The Inferno That Killed James Boagie

The Inferno That Killed James Boagie

A $4.6 billion plant will make ammonia ‘the fuel of the future’

“We had a big explosion in the plant. There was a massive fire…. We have a lot of employees now, which is a good thing. But it is difficult for me to sleep at night. We have a big house in which we’ve lived for 50-plus years; the place has been in our family for 50 years.” — James “Bo” Boagie, who lost 12 members of his extended family in the plant explosion.

A little more than a week ago, James Boagie, 55, stood in a parking lot in a suburb of Detroit and watched the smoke waft into the distance. After the explosion that knocked him unconscious, Boagie was thrown from his first-floor bedroom window and onto his second-floor roof.

“I’ve now been through three surgeries,” Boagie said. “I’ve had five or six x-rays.” He was released from the hospital on Nov. 2. He and the four neighbors who survived the inferno are back at their Detroit home.

Boagie’s story, like that of other nearby residents, is emblematic of the crisis many in Michigan are facing. While the state’s automakers are trying to restart their plants, Michigan Gov. Rick Snyder is proposing to spend $600 million helping people displaced by the 2010 auto-industry meltdown.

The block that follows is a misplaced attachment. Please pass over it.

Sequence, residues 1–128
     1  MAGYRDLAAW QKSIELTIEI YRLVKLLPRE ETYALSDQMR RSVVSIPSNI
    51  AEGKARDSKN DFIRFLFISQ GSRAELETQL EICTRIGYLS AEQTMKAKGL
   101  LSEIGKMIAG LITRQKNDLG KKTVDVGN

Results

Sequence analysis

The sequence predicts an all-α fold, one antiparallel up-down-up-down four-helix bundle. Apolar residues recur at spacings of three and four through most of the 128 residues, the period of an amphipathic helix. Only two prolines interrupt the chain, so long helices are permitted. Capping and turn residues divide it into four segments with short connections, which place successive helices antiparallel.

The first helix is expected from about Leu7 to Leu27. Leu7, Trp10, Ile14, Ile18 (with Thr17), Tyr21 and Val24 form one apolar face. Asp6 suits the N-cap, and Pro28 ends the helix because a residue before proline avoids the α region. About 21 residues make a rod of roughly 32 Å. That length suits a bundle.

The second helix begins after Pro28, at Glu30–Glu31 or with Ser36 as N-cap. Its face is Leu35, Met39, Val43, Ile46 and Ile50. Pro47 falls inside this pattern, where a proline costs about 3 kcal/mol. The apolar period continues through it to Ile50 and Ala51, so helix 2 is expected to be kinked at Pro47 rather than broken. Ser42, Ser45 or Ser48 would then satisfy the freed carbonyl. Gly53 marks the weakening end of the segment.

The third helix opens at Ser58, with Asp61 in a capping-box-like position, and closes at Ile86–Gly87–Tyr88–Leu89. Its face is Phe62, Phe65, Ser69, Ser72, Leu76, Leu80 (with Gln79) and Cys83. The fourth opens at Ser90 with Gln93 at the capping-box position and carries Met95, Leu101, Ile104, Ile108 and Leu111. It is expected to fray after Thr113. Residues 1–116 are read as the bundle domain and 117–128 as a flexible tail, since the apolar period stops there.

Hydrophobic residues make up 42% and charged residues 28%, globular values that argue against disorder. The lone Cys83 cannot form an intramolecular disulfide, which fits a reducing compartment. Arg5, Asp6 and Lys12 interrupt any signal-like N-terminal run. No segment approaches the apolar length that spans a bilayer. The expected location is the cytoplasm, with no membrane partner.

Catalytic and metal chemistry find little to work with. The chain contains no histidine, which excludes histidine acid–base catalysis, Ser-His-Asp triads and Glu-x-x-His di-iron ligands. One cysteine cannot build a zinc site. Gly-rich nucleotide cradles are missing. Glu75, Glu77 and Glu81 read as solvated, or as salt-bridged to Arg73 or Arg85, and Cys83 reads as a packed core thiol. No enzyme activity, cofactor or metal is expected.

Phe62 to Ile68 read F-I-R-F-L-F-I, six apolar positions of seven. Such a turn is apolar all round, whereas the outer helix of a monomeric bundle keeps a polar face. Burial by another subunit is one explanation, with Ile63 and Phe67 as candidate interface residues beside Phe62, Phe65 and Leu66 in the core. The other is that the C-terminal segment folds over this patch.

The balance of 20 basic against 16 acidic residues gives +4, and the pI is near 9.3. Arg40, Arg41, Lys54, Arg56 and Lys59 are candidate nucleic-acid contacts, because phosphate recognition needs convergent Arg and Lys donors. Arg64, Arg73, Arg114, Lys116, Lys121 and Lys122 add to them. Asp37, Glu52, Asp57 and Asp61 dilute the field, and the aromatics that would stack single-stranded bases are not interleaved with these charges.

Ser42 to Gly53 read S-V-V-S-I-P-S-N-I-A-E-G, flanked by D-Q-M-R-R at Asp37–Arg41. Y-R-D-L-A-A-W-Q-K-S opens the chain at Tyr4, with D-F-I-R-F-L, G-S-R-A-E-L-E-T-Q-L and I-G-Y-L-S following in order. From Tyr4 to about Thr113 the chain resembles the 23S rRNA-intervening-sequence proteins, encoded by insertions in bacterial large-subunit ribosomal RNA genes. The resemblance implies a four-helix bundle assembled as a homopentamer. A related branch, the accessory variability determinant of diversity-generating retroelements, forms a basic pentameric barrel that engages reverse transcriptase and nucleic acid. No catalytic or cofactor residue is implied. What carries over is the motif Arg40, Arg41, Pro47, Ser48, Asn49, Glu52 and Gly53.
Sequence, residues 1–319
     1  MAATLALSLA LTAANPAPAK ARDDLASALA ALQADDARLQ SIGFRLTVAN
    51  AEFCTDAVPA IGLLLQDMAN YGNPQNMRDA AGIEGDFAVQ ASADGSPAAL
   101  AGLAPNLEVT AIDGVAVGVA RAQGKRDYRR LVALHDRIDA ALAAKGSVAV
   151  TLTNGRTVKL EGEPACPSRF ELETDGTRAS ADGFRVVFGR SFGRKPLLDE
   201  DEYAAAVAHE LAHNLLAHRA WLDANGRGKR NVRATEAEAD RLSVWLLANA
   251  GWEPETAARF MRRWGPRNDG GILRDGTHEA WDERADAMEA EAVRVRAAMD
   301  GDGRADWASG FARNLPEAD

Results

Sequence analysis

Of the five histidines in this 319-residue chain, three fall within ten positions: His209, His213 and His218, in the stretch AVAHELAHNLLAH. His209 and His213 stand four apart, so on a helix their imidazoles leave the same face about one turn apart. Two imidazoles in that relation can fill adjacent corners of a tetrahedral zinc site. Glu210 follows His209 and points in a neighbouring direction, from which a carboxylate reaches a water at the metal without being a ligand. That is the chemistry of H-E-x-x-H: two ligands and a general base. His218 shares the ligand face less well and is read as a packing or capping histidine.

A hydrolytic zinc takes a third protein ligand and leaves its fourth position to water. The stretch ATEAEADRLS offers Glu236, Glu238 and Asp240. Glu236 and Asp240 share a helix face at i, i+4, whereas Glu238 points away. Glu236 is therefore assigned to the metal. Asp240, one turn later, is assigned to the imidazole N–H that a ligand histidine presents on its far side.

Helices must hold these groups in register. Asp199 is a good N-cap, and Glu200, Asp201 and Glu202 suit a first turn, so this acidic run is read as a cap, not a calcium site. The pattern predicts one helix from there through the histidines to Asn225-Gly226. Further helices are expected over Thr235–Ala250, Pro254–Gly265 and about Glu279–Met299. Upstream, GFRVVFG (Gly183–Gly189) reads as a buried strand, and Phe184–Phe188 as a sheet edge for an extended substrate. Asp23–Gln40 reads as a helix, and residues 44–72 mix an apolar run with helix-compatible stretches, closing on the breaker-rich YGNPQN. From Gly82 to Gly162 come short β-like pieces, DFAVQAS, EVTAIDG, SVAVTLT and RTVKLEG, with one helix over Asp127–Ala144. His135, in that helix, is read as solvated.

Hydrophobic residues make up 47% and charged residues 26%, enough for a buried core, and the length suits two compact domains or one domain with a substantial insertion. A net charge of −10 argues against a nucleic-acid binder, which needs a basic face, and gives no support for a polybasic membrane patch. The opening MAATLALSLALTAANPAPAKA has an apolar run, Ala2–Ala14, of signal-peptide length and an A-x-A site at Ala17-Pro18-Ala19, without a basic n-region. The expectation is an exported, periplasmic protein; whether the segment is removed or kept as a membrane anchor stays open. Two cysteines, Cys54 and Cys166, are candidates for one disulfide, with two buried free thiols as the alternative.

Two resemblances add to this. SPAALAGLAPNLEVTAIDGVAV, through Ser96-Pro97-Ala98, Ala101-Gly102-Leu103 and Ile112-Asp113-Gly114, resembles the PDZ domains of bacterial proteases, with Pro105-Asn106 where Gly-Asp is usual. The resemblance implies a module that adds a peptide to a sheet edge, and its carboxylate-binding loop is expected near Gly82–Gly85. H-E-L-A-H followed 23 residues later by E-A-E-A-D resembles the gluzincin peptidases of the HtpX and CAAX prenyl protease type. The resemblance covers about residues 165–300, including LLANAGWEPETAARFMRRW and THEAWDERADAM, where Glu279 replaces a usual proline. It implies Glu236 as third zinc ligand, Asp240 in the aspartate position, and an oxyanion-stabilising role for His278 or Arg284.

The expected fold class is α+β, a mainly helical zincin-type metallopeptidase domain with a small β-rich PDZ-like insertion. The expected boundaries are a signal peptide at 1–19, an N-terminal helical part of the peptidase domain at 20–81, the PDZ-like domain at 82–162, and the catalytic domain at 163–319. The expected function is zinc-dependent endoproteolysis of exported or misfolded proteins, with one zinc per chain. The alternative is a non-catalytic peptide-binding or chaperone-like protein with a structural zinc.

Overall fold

After the explosion, the state’s governor went to Detroit’s emergency room to tell Boagie he’d be there with him soon. The governor is in the White House meeting with President Barack Obama and other top leaders.

Michigan is the final stop for the White House after it finishes with meetings in the District of Colombia, where Obama has held some of his most significant meetings since winning the White House in November.

Michigan is home to more than a dozen key companies with an enormous impact on the economy. At stake

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